Earlier this month, Gov. Bill Walker joined representatives from Facing Foster Care in Alaska to sign House Bill 151. It's a landmark bill with a great story behind it.
First, the bill. HB 151 will greatly improve Alaska's foster care system. Introduced by Rep. Les Gara, himself a former foster youth, it addresses both the needs of child protection staff and the needs of youth in foster care. It sets a reasonable standard for caseloads and increases child protection staff training, making it easier for staff to do the caring work that motivated them to become child protection workers in the first place. It promotes that youth in foster care ages 14 and older be engaged in case planning and requires the Office of Children's Services to to ensure that siblings in foster care have each other's contact information. It has provisions to help parents get the supports they need to keep their children at home, and early search for relatives and swift licensing of family and friends if foster placement is needed. And it ensures youth leaving foster care have copies of their legal documents.
Now, the story. In this age when too often the common man feels powerless and government action seems driven by highly paid lobbyists, the driving force behind this bill was more than 30 current and former foster youth who traveled to Juneau to walk the halls of the state Capitol, tell their stories to legislators, and give testimony in various committees. The youth are all members of Facing Foster Care in Alaska, a nonprofit group largely run by current and former foster youth. FFCA helps youth in foster care draw strength from each other and learn to tell their stories in ways that promote healing and inform others. Reflecting on their experiences talking to legislators, one youth talked about the importance of being "able to tell my story and have my voice heard." Another said, "I share my story in hopes of making a positive change in the state's foster care system."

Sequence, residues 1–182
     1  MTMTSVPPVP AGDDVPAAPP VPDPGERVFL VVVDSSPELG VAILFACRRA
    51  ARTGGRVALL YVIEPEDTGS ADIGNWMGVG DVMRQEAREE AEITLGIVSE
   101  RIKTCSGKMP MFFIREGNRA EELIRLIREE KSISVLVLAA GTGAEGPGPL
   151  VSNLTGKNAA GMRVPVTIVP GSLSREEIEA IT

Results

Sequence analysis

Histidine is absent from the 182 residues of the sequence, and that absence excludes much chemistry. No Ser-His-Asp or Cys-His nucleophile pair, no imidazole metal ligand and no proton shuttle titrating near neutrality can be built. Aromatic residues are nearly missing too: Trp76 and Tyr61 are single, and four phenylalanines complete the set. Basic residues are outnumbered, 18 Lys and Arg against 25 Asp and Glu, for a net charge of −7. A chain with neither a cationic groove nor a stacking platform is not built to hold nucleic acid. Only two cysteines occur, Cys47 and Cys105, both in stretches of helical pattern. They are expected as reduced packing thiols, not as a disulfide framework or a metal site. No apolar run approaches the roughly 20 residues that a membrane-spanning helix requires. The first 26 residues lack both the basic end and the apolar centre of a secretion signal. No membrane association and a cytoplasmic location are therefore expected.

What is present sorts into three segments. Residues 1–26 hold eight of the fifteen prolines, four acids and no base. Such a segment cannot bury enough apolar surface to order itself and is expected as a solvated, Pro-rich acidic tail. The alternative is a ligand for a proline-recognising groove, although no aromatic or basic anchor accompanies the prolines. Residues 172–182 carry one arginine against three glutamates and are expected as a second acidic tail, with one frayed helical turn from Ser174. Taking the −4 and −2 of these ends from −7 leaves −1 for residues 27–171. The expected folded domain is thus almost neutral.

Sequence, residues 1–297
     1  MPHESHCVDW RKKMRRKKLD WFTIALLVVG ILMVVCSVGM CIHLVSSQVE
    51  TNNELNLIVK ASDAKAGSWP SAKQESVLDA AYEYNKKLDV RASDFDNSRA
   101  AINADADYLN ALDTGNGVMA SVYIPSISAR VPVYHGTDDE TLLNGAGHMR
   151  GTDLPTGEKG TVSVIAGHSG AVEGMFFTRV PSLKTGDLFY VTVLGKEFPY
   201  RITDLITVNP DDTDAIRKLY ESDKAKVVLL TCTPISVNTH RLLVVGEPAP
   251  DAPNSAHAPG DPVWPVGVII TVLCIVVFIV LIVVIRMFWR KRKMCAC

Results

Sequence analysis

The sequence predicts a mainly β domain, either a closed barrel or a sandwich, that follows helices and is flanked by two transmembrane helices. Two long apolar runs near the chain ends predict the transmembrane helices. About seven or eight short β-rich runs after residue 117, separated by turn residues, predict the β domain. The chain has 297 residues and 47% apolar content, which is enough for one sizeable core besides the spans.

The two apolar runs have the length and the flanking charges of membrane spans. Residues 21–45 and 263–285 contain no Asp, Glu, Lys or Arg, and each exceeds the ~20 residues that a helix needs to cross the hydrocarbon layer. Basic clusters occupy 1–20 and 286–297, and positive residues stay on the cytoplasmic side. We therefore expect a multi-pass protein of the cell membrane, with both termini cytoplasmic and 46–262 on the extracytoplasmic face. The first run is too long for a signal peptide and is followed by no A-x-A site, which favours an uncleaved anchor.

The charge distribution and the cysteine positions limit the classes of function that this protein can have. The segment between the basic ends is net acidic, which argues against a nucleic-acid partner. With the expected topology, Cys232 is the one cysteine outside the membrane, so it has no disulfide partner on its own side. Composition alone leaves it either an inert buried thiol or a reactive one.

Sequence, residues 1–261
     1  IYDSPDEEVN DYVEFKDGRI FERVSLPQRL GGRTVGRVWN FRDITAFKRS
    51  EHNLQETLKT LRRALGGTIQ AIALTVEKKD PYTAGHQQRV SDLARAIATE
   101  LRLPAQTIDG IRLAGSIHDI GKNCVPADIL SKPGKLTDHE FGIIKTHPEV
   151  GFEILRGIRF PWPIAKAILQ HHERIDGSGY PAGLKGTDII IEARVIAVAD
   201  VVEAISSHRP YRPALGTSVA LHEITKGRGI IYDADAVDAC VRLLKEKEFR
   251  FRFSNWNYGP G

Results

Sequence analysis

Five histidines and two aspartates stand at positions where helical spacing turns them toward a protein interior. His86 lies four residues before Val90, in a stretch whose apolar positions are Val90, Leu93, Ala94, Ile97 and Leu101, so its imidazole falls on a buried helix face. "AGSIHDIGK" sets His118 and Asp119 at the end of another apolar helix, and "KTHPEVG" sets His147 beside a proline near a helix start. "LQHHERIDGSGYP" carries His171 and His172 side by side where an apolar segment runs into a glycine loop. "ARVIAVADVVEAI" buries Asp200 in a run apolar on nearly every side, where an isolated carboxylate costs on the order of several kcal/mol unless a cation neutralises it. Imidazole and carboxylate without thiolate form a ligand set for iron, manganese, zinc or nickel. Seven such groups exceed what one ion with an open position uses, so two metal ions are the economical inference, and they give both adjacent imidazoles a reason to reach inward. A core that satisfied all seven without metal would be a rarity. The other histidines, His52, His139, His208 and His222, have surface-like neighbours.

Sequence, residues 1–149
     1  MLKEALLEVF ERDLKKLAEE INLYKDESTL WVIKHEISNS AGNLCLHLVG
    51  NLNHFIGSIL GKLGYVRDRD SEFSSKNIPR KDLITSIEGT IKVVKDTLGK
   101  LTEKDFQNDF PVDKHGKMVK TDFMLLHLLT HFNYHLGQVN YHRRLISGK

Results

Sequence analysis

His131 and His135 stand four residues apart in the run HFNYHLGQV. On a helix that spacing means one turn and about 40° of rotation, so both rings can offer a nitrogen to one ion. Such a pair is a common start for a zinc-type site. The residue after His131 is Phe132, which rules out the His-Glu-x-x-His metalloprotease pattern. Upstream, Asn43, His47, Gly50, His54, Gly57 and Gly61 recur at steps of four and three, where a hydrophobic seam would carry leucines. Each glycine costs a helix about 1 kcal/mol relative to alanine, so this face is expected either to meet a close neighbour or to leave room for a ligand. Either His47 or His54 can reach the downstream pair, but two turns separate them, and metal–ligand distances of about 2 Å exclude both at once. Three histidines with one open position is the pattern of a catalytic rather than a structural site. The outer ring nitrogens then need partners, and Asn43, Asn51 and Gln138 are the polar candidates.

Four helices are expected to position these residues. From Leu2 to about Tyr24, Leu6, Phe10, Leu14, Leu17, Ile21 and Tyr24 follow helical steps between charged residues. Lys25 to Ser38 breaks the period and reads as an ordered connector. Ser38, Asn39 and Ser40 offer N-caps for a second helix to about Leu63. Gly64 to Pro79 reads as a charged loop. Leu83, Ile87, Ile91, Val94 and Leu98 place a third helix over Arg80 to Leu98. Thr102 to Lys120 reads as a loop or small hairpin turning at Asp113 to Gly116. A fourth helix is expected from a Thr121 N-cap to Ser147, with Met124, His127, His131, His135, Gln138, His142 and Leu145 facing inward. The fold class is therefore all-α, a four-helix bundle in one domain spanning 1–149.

The stories are not pretty. They start with family neglect and abuse and move on to tales of belongings packed into green garbage bags as children were moved from foster home to foster home by frequently changing child protection workers. They tell of losing contact with beloved siblings, of "aging out" of the system, being cast adrift as very young adults with few resources and no strong mature adult ties.
But though the stories are not pretty, they are powerful. The youth who shared them did so sometimes with tears, but always with the sense that they have learned to own them, to be empowered by them. HB 151 passed the House 38-1. It passed the Senate 18-0, with all senators signing on as co-sponsors. In the words of Rep. Gara, "Even though we didn't have lobbyists, we had voices."
You can hear those voices by searching YouTube for Facing Foster Care in Alaska.
You can learn more about FFCA and show your support at ffcalaska.org.
Susan Soule is a board member of Facing Foster Care in Alaska. She lives in Anchorage.
The views expressed here are the writer's and are not necessarily endorsed by the Anchorage Daily News, which welcomes a broad range of viewpoints. To submit a piece for consideration, email firstname.lastname@example.org. Send submissions shorter than 200 words to email@example.com or click here to submit via any web browser.